Let’s get Plated!

Let’s get Plated! 5

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Every time I visit New York, I’m exposed to some new fun product or service that I desperately want to try. Unfortunately, the majority of these “new fangled” indulgences are’t available in Smalltown.

Until now, that is.

On a recent trip to Brooklyn, I was introduced to the concept of a recipe delivery service. Essentially, the vendor delivers a perfectly portioned amount of fresh ingredients, and accompanying instructions for a gourmet meal. It seemed to be the best of both worlds — the convenience of avoiding the grocery store and the comforts of a home cooked dinner. But surely, such a service wouldn’t be available in my rural little corner of Minnesota, right?

A few weeks ago, a Facebook advertisement for Plated caught my eye. They claimed to deliver fresh ingredients to 80% of the Continental U.S. — could Smalltown possibly be part of that 80%?

I hastily entered my zip code, delighted to see that my address was eligible for delivery. I quickly signed up, ordered two different meals, and texted Scott with the exciting news.

His response?

“No. That’s sacrilegious.”

Apparently, this food snob skeptic was going to need some serious convincing in regards to my latest culinary endeavor. I crossed my fingers, hoping the recipes I’d selected would change his mind.

The meals were delivered a few days later, right on schedule.


The packaging was great, and the ingredients (which included fresh seafood) were in tact and perfectly chilled. I placed the goods in the refrigerator, anxious to prepare my first Plated meal with Scott later that evening.

The only problem? Scott was having no part of the prep work. I believe his exact words were, “This was you’re idea–you deal with it.”

My husband–who is practically a self-trained chef–cooks the vast majority of the meals in our household. My lack of experience (and fear of cooking fresh prawns) had me incredibly nervous. But my supper certainly wasn’t going to cook itself. I took a deep breath, turned on the stove, and pulled out my very best skillet. It was go time.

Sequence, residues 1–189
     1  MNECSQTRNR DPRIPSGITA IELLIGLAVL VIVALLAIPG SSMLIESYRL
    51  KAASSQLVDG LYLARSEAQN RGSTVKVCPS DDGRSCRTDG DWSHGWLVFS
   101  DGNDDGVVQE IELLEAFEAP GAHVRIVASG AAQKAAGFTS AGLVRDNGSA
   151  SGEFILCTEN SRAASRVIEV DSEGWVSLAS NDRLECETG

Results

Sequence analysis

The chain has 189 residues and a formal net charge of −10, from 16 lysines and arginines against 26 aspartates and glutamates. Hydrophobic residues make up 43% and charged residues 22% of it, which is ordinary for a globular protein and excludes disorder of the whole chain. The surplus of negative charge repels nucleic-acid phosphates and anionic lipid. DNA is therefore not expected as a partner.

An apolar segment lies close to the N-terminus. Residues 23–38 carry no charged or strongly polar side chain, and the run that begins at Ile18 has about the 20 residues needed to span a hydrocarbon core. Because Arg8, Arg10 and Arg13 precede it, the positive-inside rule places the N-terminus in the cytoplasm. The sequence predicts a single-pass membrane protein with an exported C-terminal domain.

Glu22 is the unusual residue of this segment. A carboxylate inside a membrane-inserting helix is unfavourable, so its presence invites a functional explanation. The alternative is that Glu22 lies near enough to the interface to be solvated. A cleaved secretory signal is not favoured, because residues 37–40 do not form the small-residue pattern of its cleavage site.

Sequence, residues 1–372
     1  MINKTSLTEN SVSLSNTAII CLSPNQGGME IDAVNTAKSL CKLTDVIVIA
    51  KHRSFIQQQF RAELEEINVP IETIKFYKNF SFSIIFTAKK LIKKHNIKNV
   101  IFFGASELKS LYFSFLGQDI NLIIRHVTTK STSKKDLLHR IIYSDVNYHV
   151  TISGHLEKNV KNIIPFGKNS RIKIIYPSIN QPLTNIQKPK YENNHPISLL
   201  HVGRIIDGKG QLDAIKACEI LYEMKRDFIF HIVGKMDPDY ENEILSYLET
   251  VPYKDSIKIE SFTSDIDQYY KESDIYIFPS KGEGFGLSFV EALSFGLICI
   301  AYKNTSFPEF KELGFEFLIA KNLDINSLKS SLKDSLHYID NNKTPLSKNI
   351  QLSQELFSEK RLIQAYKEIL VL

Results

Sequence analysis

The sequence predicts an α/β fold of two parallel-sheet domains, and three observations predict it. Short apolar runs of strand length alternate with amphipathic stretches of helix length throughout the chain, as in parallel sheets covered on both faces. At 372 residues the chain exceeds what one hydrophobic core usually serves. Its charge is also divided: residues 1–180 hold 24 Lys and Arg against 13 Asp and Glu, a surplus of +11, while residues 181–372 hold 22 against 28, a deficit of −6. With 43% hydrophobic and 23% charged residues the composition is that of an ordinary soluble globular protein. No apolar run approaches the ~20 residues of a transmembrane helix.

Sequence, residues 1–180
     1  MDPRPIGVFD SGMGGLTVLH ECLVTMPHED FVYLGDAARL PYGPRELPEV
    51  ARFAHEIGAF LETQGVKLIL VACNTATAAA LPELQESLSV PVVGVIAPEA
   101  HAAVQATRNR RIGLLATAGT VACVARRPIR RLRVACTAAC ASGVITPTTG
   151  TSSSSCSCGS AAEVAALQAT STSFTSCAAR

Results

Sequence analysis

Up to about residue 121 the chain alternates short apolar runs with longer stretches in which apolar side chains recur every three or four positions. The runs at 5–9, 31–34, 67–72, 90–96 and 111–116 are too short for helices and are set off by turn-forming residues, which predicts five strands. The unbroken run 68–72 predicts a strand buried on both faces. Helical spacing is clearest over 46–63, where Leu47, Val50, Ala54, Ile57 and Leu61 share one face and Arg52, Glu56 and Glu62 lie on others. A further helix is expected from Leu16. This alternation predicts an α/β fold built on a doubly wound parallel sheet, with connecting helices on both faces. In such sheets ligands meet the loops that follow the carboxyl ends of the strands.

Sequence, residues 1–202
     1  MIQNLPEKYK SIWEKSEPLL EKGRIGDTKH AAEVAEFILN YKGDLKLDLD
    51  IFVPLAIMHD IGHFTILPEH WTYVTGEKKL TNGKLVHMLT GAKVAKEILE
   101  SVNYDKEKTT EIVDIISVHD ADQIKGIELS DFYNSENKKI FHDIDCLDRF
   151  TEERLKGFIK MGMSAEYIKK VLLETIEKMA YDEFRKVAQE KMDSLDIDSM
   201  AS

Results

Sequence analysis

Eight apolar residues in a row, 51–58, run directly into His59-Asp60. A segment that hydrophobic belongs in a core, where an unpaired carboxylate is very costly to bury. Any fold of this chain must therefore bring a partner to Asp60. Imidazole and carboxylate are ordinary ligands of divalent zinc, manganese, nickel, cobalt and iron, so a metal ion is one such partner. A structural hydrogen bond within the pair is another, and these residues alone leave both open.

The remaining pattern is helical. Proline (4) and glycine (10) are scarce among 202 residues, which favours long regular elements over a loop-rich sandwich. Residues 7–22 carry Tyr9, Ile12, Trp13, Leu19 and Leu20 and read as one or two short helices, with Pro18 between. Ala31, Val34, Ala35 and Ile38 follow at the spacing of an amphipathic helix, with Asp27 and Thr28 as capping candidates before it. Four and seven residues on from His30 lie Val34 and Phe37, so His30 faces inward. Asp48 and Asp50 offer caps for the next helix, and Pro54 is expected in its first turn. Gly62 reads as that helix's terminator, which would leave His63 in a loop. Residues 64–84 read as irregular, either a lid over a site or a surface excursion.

Forty minutes later, I was plating my finished Southwestern Gulf Shrimp with Leeks and Asparagus. The craziest part? It actually looked good.



The really crazy part? It tasted good, too! Even Scott complimented my efforts. I couldn’t believe it! Surely this was a fluke, and my next recipe would end in disaster.

But it didn’t! I’d say the Soy Glazed Pollock with Pea Shoots and Miso Mashed Potatoes was even tastier than the shrimp.


The moment Scott asked me, “So how much would it cost to do this on a regular basis?”, I knew I’d achieved success. I’ve since ordered two more meals, and can’t wait to give them a taste.

Thinking about trying PlatedHere why I’m loving it:

  • A variety of meals to pick from on the menu each week. There are always meat, seafood and vegetarian options.
  • Nutritional info is clearly posted.
  • The food is tasty.
  • Instructions are clear and easy to follow. I also feel like I’m learning new skills!
  • Portions are great. Scott eats a little more than I do, and the both of us are always satisfied after we’re done. Sometime’s we even have leftovers.
  • Saves SO MUCH TIME since you don’t have to plan and go to the grocery store. All you need from your own pantry is salt, pepper and olive oil. Plated handles the rest.
  • Just the right amount of ingredients. I can’t tell you how many times we buy waaaay too much food and end up wasting it by not using or eating all of it. With Plated, nothing goes wasted or unused.
  • You can pick your delivery date so you know exactly when stuff is coming.
  • The packaging is recyclable and biodegradable.
  • Food is seasonable, locally sourced and sustainable whenever possible. Plated purchases meats from family owned purveyors and partners with Sea to Table to ensure seafood is wild-caught whenever possible.
  • Plated donates all extra ingredients to local food banks.